Trump’s claim that his administration has “expanded affordable options for better health care” is not actually something he includes in his patter about what he has done for black Americans. He appears to be referring to changing the implementation of the Affordable Care Act by expanding the ability of insurers to provide less expensive — and less comprehensive — coverage.

The Affordable Care Act had reduced the number of uninsured black Americans by a third, thanks largely to the expansion of Medicaid. Trump’s administration supports a legal effort to eradicate the law entirely, erasing its provisions including the mandate that insurers cover those with preexisting conditions.

Historically black colleges and universities

Walter Kimbrough, president of Dillard University in New Orleans, offered his own analysis of Trump’s claims about HBCU funding in a series of tweets on Tuesday.

“The President did sign the bill for [fiscal year 2020] which provided record HBCU funding,” Kimbrough wrote. “It was the result of bipartisan work in the Congress; the president simply signed it as part of the overall budget for the nation.”

Trump additionally signed the Future Act — passed by bipartisan voice votes in both chambers — providing additional financial support for the institutions by continuing a program started under George W. Bush. Signing this law, Kimbrough argued, mirrored an action taken by Obama after the funding stream was set to expire during his presidency.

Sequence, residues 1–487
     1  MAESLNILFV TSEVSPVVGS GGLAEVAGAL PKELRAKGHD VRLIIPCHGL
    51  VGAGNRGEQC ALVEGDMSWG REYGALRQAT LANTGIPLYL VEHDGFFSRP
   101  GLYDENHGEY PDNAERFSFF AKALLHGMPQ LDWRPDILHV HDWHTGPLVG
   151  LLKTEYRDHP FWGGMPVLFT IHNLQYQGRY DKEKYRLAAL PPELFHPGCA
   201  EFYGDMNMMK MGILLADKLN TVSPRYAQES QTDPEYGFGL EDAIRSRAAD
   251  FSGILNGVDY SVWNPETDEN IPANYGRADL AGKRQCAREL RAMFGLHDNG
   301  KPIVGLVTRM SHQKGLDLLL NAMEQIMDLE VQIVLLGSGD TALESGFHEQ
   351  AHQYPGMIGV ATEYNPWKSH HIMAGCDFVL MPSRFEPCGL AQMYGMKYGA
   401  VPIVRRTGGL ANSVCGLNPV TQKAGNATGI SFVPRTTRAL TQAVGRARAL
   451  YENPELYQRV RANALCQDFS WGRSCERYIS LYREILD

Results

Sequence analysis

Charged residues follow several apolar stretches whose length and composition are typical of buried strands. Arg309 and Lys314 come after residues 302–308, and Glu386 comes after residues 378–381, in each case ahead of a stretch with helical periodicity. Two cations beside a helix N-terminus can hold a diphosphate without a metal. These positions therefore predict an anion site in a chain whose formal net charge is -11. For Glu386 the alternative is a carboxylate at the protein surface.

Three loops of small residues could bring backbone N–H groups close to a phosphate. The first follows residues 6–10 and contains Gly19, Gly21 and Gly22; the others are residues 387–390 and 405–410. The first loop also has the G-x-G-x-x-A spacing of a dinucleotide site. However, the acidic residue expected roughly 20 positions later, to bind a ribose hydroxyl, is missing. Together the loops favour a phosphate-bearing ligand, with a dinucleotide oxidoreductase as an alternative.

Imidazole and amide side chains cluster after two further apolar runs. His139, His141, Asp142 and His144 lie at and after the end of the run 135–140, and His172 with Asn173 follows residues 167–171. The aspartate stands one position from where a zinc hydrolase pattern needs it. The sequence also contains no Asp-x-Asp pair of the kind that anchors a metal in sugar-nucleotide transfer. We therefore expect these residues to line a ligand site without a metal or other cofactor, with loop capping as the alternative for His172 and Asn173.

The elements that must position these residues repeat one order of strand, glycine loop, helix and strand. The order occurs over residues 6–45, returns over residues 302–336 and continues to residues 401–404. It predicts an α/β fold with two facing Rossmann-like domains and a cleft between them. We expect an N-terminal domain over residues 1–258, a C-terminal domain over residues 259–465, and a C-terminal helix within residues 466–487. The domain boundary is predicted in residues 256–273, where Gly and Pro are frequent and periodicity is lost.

At other times, Trump has claimed that he “saved” HBCUs. That’s not the case.

What hasn’t been done

What’s worth considering when evaluating Trump’s actions on behalf of black Americans is what he hasn’t done. There are any number of pieces of legislation or executive actions that could have been embraced by Trump but that he never addressed.

The recent protests centered on systemic racism in the criminal justice system offer a good example. Trump has repeatedly disparaged the protesters (claiming, last week, that many of those participating in the protests didn’t know why they were there) and conflated the protesters with people who engaged in criminal vandalism or looting.

Even the focus of his event on Tuesday, reforming police practices, focused not on black concerns but on ensuring that police were comfortable with his proposals.

“We’ve had the endorsement of the Federal Law Enforcement Officers Association, the Fraternal Order of Police, International Association of Chiefs of Police, International Union of Police Associations, Major County Sheriffs of America Association, National Association of Police Organizations, National District Attorneys Association, National Sheriffs Association, Sergeants Benevolent Association, and many others,” Trump said when introducing his executive order.

He did not mention any endorsements from activists on behalf of those concerned about how the police do their jobs.